The first key step in the breakdown of cholesterol depends on vitamin C. cholesterol levels in the liver and blood increase if vitamin C level is impaired.

Body and blood histamines levels

Vitamin C plays a role in controlling body and blood histamine levels, and blood histamines levels increase when vitamin C status is poor. High levels of histamines can aggravate allergies, asthma, stomach ulcers, and certain psychiatric disorders.

Iron absorption

Vitamin C facilitates iron absorption. It acts with hydrochloric acid to keep iron in the more absorbable ferrous form.

Foods with Vitamin C

Citrus fruits are excellent sources of vitamin C. other good sources include papaya, cantaloupe, broccoli, Brussels sprouts, green peppers, strawberries, white potatoes, cabbage, chard, kale, turnip greens, asparagus, berries, pineapple, and guavas.

Vulnerable populations

  • Alcoholism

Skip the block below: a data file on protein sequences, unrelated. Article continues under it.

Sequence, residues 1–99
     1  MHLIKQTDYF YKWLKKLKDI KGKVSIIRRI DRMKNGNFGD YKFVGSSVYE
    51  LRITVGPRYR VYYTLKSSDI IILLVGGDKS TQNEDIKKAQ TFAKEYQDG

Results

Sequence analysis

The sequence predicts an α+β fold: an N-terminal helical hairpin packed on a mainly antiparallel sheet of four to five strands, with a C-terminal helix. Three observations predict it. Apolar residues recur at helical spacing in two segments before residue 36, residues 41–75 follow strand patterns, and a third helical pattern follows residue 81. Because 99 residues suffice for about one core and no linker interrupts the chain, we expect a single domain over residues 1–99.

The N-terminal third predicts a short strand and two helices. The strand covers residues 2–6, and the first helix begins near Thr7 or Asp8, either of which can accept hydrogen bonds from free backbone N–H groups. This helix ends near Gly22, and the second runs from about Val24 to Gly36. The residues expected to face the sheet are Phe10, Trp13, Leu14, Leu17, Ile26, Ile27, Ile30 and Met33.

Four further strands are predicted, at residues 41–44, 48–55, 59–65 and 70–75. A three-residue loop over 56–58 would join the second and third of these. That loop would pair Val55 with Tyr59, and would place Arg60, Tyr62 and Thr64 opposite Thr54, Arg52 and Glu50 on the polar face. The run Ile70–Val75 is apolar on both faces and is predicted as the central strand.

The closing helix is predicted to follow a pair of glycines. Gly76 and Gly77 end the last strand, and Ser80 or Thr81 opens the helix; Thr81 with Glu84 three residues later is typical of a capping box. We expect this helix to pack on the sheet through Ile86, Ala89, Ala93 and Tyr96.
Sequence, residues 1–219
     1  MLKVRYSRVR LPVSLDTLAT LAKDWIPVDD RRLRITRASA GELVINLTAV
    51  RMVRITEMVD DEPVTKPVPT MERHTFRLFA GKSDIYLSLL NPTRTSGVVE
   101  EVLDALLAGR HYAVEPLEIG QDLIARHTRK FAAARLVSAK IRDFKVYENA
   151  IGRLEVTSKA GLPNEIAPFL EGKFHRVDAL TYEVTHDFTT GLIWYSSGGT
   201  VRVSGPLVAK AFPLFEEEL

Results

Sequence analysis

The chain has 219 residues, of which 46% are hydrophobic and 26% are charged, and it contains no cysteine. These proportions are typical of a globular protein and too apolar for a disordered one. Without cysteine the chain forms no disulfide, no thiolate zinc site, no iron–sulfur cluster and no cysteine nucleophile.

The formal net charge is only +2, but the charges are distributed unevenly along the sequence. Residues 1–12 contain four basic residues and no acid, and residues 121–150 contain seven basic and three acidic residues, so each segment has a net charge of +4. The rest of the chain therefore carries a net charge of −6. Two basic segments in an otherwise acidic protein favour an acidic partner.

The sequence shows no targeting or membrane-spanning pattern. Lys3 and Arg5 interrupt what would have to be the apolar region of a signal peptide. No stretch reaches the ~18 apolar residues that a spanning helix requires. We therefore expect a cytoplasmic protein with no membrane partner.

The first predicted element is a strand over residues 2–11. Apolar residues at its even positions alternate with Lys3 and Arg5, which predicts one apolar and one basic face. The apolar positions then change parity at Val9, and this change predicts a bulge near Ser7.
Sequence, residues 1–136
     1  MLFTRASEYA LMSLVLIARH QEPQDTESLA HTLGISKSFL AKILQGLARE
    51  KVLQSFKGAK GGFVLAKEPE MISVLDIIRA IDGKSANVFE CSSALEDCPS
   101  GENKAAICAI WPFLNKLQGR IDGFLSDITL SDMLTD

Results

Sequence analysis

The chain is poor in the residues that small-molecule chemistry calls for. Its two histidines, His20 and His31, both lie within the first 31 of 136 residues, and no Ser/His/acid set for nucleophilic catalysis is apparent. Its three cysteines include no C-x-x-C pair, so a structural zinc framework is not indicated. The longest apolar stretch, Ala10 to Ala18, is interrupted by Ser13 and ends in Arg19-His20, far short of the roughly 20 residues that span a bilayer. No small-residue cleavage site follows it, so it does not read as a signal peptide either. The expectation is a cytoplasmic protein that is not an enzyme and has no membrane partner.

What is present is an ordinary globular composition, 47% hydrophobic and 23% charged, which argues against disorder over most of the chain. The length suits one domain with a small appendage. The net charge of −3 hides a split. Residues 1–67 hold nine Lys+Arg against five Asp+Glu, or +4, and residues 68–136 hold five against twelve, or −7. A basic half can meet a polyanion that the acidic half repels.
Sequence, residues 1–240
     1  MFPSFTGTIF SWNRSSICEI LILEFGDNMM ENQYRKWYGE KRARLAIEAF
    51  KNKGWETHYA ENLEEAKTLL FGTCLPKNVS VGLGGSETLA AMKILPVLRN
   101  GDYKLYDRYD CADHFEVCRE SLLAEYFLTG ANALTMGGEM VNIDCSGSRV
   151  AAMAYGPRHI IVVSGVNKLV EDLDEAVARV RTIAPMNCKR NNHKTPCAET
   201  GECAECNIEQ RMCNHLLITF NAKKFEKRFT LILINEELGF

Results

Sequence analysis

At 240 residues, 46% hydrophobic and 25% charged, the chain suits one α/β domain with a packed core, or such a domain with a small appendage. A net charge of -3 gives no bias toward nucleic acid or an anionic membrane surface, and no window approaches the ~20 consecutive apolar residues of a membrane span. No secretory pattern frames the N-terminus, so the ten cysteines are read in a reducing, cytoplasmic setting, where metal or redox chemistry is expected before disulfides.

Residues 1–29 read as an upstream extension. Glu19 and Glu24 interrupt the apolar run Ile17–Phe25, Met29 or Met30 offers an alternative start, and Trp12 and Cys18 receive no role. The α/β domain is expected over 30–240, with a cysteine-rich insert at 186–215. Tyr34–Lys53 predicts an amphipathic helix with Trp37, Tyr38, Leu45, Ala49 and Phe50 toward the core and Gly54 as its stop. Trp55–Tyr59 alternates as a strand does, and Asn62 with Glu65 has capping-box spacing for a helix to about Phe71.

• Alzheimer’s disease
  • Burns
  • Cancers
  • Chronic diarrhoea
  • Diabetes
  • Elevated serum cholesterol
  • Nephrosis
  • Pregnancy
  • Severe trauma
  • Surgical wounds
  • Tuberculosis
  • Chronic use of drug such as aspirin and oral contraceptives
  • Old people with chronic illness
  • Regular cigarette smoking

Signs of excess

Gastrointestinal stress and diarrhoea. Excess do not produce a hypervitaminosis but have been linked to oxalate kidney stones or gout in susceptible persons.

Signs and symptoms of Vitamin C deficiency / scurvy

Impaired connective tissue synthesis and fragility of blood vessels causes

  • Abnormal bleeding
  • Easy bruising
  • Inflamed and bleeding gums
  • Joint stiffness
  • Joint pain

Build up of keratin in hair follicles producing roughened “sandpaper skin”

Impaired wound healing

Weakness, lassitude, fatigue

Psychological/neurological symptoms including depression and personality changes

Impaired immunity with increase risk of infection

Diminished antioxidant defenses may increase risk of cancer, heart disease, stroke, cataract.

Homeopathic treatment of Vitamin C deficiency or Scurvy symptoms